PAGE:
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Alberta rolls out consumer protection bill

The Alberta government wants to reduce the competition for tickets to sporting events and concerts. In its bill to change consumer protection laws introduced Wednesday, it would ban ticket bots, which buy up large amounts of online tickets and re-sell them at a profit.

Minister of Service Alberta Stephanie McLean says Bill 31 would make it illegal to buy online tickets using software. It would also require sellers like Ticketmaster to cancel any tickets purchased by bots.

“The fact that they want this and they’ve got the wherewithal and the technology to be able to combat this is providing the confidence that we need,” McLean says. “If they fail to take those steps, if they fail to hold their industry accountable, if they fail to do things like cancel tickets, that have been purchased by bots and do that due dilligence, then they could be subject to the enforcement provisions in the act.”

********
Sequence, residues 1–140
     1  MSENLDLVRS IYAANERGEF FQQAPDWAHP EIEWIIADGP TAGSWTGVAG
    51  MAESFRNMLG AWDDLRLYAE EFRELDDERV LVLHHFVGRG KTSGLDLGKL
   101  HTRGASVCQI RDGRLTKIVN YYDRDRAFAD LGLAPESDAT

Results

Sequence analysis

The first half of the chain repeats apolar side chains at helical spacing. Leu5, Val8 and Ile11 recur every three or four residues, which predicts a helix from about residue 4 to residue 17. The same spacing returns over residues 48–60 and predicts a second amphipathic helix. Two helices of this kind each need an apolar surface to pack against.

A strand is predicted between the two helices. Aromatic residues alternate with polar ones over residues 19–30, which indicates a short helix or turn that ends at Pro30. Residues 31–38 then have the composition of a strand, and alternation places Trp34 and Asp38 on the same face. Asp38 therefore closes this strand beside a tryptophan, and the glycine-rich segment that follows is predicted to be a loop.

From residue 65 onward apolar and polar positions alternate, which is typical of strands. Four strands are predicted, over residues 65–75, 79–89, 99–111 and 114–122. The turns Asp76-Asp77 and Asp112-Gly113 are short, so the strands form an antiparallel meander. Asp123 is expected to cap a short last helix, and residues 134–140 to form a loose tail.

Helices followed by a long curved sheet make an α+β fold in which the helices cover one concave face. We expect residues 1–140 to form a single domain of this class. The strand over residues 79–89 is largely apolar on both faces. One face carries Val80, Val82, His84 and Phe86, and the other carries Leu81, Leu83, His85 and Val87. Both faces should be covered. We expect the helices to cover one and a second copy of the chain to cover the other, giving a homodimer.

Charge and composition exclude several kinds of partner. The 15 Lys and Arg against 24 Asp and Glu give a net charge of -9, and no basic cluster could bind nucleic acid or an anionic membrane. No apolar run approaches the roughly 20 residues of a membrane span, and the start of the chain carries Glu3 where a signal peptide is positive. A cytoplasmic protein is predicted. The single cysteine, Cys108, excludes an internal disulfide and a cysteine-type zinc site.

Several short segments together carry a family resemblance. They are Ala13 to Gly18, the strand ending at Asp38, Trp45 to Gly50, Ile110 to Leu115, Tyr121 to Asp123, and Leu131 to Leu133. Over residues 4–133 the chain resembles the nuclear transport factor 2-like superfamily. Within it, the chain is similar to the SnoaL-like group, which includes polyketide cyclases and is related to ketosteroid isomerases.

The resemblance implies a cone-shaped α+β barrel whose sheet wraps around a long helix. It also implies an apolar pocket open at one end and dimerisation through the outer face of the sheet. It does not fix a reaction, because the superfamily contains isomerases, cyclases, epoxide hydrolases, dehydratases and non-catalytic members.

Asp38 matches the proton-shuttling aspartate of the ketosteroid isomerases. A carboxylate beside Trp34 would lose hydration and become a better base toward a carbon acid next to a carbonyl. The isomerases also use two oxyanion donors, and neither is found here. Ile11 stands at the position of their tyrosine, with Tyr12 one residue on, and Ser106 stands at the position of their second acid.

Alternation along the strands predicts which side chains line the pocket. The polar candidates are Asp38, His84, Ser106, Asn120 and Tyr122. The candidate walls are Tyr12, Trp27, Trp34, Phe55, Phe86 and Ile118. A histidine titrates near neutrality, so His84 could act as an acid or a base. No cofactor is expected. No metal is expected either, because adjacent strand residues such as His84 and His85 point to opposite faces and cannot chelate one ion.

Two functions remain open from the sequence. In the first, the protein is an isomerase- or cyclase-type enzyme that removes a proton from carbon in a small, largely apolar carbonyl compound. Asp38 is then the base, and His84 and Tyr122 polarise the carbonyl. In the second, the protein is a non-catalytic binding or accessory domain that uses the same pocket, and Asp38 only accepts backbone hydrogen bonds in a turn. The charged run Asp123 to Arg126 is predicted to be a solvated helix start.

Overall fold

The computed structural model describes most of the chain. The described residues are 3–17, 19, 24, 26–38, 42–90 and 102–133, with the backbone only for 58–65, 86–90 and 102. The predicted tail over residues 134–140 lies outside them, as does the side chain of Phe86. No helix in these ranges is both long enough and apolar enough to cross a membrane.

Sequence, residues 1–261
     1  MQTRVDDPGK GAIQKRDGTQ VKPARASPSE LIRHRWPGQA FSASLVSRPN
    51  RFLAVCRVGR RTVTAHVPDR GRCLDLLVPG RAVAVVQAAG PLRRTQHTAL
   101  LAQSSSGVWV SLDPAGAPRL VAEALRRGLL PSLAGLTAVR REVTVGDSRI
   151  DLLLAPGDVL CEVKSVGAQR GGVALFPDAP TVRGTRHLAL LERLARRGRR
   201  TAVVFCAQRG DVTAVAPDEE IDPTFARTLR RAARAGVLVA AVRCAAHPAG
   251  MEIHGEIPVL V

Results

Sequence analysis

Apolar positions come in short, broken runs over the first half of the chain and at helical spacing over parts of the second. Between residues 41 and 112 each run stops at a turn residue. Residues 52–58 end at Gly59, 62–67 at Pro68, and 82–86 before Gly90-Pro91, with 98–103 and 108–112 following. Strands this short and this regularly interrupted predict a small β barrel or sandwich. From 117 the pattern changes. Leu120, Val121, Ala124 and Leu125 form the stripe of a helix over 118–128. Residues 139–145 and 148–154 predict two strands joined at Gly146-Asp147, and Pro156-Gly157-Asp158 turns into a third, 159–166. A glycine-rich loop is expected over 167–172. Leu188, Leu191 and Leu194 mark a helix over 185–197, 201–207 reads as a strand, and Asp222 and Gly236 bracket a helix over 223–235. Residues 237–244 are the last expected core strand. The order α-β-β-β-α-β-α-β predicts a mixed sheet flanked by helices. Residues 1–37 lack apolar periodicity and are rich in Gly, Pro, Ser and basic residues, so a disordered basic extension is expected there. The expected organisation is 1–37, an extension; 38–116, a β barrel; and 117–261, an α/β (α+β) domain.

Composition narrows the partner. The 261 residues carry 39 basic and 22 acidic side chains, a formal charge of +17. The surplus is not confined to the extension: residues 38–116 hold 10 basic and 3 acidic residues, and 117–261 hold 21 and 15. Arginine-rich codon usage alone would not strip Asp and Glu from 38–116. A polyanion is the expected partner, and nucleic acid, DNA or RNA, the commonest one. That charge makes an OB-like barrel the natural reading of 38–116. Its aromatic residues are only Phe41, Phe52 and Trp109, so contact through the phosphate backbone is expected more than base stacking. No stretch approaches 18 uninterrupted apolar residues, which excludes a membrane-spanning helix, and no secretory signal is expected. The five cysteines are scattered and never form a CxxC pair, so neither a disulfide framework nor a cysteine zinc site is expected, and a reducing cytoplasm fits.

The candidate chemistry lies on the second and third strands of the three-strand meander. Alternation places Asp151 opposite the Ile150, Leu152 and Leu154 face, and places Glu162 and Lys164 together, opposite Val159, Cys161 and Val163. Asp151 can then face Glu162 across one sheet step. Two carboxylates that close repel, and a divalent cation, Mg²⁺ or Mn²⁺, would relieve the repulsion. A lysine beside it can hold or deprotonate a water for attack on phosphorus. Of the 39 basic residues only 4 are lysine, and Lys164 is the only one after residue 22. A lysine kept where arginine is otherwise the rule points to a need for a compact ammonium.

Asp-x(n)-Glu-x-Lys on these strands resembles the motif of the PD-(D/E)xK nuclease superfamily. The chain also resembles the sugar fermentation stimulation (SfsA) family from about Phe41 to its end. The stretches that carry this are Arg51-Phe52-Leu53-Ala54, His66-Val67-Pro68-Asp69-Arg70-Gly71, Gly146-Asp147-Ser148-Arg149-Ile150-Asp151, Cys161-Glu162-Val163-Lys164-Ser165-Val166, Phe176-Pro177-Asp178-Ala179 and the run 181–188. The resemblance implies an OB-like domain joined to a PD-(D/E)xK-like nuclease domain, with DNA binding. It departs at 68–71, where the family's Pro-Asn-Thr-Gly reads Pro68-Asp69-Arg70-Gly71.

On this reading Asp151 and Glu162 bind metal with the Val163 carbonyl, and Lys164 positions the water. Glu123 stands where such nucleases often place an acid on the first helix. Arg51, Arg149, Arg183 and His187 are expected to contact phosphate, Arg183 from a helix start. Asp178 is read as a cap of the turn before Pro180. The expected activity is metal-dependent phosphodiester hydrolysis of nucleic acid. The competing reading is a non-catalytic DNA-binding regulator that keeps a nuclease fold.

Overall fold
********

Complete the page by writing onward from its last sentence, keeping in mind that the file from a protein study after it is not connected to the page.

Those include a $300,000 fine or two years in jail.

Veterinary services are also being targeted. Vets would have to disclose all of their fees, and get approval from pet owners for any procedures. McLean says the government has heard concerns from many residents about vet fees.

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“If they are empowered with the ability to price check, it may by that they can find a vet that fits within their household budget to be able to ensure that their pet gets the medical care.”

Bill 31 would also make it mandatory for sellers to disclose vehicle history, create a Consumer Bill of Rights, and license high-interest lenders. It would also ban clauses in contracts that prohibit negative reviews, and require consumers be notified about and agree to any changes to contracts.

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